Sunday, May 22, 2011

Dolores River at Big Gypsum Valley

The Big Gypsum Valley is 34 miles east of Dove Creek, CO along Colorado Route 141. It is a BLM area that is north of Disappointment Valley and south of the Paradox Valley.

Thirteen miles northwest along the gravel road there is an access to the Dolores River that is used by rafters. The Gypsum Valley site is 55 river miles downstream from the Bradfield access and 36 serpentine miles upstream of Bedrock. Like the Paradox Valley, the Dolores River flows across the Gypsum Valley rather than down it, exiting one deep canyon and entering another.
The floor of the Gypsum Valley is grassland and supports some grazing activity. Along the valley edges there is some Pinon and Juniper forest. On the north side the Wingate, Kayenta, and Navajo sandstone layers are visible sitting on the Chinle layer. There is mining activity on the south side. The last three miles of gravel road becomes more of a dirt road after passing the mining sites.

I stopped at about 12.5 miles below a pinnacle formation that I think is called the Psycho Tower. This is a formation that rock climbers know and there is a trail leading up toward it. There are more climbing sites in the next 2 miles along the dirt road that are similar to the Indian Creek climbing area that is on the way to the Needles District of Canyonlands National Park. I started hiking down river along the road below the Psycho Tower.
 The road is level and smooth and provides easy walking. In the distance there are some views of the La Sal Mountains. From where I started it is 0.5 miles to the turnoff for the boat launch site. There are three covered picnic table camp sites at the launch site, but otherwise no facilities. The busy season for rafting on the Dolores River is May and June.

There wasn’t any activity here during my visit but the flow appears to be unusually low. I checked the web site info for flow at Bedrock for the time that I hiked and it was 200 cfs. This is too low for rafting and well below the median value of 1070 cfs for the day I visited. The discharge from the McPhee Reservoir has been 75 cfs for the previous week, after spending some time at 500 cfs. The historic average discharge for this time of year is about 1400 cfs.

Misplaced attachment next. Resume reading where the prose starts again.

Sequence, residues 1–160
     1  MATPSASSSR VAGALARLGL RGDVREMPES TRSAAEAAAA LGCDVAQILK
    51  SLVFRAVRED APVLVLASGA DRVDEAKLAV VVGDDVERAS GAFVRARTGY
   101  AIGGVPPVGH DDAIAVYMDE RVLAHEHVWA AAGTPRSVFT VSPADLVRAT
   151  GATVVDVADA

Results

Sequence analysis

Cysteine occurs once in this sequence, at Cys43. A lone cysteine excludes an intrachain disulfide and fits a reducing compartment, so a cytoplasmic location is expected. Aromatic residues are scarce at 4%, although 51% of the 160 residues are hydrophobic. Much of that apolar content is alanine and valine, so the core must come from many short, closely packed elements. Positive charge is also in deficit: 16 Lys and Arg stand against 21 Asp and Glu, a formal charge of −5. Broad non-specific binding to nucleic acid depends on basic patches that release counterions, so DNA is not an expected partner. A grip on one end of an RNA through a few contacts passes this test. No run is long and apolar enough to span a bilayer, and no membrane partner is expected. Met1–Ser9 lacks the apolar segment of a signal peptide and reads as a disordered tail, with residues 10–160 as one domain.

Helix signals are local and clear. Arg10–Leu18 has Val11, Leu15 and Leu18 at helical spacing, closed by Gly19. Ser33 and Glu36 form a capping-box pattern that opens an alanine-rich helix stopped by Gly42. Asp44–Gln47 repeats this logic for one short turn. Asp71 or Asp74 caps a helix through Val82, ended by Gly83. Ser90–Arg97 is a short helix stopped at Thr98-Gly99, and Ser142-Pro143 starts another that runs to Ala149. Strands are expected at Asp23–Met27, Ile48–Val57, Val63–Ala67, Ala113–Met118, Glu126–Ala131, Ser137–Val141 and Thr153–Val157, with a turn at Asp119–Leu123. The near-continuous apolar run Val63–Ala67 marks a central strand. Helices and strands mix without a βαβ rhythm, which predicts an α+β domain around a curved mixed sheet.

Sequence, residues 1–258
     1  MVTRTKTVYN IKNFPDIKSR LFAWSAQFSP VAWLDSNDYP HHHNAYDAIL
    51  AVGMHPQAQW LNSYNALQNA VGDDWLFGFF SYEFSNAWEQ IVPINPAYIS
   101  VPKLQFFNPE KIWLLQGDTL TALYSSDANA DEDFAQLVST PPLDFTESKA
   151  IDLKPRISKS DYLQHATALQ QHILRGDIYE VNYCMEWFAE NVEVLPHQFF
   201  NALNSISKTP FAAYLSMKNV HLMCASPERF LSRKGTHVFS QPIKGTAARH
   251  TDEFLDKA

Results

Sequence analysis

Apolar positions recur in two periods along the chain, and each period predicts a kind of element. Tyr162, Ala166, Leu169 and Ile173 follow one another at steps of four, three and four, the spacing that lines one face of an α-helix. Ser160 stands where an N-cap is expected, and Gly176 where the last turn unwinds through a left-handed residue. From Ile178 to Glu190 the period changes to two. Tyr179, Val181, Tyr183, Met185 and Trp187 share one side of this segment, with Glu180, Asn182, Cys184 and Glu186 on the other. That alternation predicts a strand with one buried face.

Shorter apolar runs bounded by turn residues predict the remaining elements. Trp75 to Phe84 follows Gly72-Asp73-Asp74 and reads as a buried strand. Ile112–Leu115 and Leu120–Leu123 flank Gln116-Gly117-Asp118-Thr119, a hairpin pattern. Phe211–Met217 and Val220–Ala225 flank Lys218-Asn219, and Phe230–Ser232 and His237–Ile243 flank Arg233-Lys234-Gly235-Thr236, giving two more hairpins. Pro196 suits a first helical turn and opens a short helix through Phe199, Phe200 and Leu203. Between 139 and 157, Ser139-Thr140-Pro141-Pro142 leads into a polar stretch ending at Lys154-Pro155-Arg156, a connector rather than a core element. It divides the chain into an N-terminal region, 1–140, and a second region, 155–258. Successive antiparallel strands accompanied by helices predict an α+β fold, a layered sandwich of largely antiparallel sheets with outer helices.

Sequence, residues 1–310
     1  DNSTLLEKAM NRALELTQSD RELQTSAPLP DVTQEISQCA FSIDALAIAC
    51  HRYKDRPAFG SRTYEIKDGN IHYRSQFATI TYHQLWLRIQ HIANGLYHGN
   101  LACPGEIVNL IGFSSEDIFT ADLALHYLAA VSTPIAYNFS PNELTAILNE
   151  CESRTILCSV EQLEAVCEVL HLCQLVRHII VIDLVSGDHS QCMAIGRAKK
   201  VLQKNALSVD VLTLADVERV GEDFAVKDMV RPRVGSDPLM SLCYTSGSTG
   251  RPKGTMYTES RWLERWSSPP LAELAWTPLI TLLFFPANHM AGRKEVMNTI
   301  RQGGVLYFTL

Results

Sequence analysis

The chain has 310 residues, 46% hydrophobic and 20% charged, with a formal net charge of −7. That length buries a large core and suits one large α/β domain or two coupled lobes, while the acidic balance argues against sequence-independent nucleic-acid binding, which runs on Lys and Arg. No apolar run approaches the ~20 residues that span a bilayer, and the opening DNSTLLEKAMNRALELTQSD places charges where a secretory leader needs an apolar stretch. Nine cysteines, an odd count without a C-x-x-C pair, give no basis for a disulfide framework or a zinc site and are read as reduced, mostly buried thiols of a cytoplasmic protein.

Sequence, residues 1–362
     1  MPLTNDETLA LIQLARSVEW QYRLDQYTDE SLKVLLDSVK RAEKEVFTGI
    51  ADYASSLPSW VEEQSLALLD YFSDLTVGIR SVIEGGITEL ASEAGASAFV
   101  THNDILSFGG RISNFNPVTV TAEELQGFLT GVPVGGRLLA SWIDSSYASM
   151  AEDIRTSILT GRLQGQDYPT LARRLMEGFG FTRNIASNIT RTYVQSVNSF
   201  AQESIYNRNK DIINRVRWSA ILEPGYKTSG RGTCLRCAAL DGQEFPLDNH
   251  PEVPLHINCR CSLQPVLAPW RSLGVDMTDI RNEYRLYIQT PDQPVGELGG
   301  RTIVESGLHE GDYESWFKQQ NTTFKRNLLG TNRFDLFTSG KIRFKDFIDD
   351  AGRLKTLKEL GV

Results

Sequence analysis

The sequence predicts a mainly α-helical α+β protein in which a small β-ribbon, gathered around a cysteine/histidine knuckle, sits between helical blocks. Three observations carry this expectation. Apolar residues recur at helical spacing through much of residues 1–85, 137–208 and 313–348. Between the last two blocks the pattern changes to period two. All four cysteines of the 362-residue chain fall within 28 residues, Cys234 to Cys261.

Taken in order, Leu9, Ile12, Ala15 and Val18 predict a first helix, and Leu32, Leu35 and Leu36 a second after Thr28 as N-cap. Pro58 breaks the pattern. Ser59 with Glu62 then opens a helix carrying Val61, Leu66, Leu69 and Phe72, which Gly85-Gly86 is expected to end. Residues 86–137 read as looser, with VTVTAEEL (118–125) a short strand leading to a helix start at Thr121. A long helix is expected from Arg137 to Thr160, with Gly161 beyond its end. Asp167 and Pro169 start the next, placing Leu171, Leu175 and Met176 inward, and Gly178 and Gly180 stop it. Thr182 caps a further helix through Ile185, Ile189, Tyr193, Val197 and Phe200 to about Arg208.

The area where I started hiking had many cottonwood trees, but downstream from there Tamarisks had taken over. It looked like there has been work to remove the Tamarisks, but there is more work to do.
About 2 miles along the route, there is a bridge that crosses the river. After this bridge the Dolores swings around a bend to the left and enters the serpentine area of the Dolores River Canyon Wilderness Study Area. I turned around at the bridge, but the road continues into the Little Gypsum Valley and I could see side roads that visited the opposite side of the river across from the launch site.
 While hiking, I was checking the large boulders for petroglyphs. The only panel I found was very close to where I started my hike.

My total hike took 2:15 hours for about 4 miles. It was a 74 F degree late May day and I carried and drank 2 liters of water. I only saw 2 other people during my visit to this area.

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